Circumcision Rates Decline in the U.S.

Fewer Americans are having their baby boys circumcised at birth, according to new data published in Mayo Clinic Proceedings. However, the paper also finds that half of all uncircumcised males will, over the course of their lifetime, develop some kind of medical issue related to their foreskin.

The circumcision rate in newborn boys has fallen from 83 percent in 1960 to 77 percent in 2010. Researchers speculate that varying health insurance access has led to some families opting to skip the procedure in order to save money. (Circumcision rates are 24 percent lower in states lacking Medicaid coverage for the poor.)

The study also says the benefits of new born circumcision exceed its risks by 100 to 1, which backs up a 2012 statement by the American Academy of Pediatrics.


"Infant circumcision should be regarded as equivalent to childhood vaccination," said Brian Morris, coauthor of the new report and professor emeritus in the School of Medical Sciences at the University of Sydney, in a press release. "As such, it would be unethical not to routinely offer parents circumcision for their baby boy. Delay puts the child's health at risk and will usually mean it will never happen."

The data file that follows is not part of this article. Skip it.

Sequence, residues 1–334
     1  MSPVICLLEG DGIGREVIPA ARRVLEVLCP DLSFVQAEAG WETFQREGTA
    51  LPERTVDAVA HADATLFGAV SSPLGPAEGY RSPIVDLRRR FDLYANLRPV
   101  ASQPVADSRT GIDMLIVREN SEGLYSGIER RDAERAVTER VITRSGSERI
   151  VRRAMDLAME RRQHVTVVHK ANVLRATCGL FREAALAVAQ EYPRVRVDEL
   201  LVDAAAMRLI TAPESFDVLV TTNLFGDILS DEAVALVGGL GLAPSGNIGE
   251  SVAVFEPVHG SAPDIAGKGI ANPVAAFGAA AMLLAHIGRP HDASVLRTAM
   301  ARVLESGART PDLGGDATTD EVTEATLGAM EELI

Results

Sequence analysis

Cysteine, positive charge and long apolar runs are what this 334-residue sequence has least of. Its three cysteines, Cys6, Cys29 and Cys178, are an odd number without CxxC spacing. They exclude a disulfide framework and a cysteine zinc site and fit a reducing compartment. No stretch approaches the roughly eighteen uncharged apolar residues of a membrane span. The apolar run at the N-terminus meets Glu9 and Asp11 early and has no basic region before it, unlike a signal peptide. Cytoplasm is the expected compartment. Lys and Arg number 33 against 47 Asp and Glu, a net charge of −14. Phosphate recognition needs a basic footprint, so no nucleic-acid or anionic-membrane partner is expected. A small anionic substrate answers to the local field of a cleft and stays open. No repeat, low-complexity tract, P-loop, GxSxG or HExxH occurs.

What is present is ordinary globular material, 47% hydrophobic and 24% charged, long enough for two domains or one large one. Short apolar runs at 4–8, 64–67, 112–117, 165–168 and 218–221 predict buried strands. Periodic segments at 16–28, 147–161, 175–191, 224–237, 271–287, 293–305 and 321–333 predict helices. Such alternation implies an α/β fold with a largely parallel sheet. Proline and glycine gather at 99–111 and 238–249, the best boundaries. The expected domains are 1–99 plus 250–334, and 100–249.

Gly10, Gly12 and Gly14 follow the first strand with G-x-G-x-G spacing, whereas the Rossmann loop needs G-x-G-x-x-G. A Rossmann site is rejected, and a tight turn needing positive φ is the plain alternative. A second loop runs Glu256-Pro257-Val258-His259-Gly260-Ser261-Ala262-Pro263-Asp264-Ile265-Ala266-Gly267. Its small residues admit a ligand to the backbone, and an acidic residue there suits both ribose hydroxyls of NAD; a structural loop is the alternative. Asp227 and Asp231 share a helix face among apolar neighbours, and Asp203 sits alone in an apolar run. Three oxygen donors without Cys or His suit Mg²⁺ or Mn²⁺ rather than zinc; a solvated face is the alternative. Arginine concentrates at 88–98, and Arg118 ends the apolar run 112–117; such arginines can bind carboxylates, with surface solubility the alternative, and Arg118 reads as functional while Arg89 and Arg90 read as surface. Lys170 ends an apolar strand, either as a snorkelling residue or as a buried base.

The Mayo Clinic report, as well as other clinical research, has found that circumcision protects infants from a number of complications, including urinary tract infections.

Additionally, circumcision has been found to lowers one's risk for contracting HIV and HPV, the human papilloma virus, which can cause genital warts and has been linked to some cancers.

Another study published in the Journal of the American Medical Association reviewed more than 500 studies, finding that circumcision reduces risk for HIV transmission in heterosexual men by 60 percent, genital herpes by 30 percent, and cancer-causing strains of HPV by 35 percent.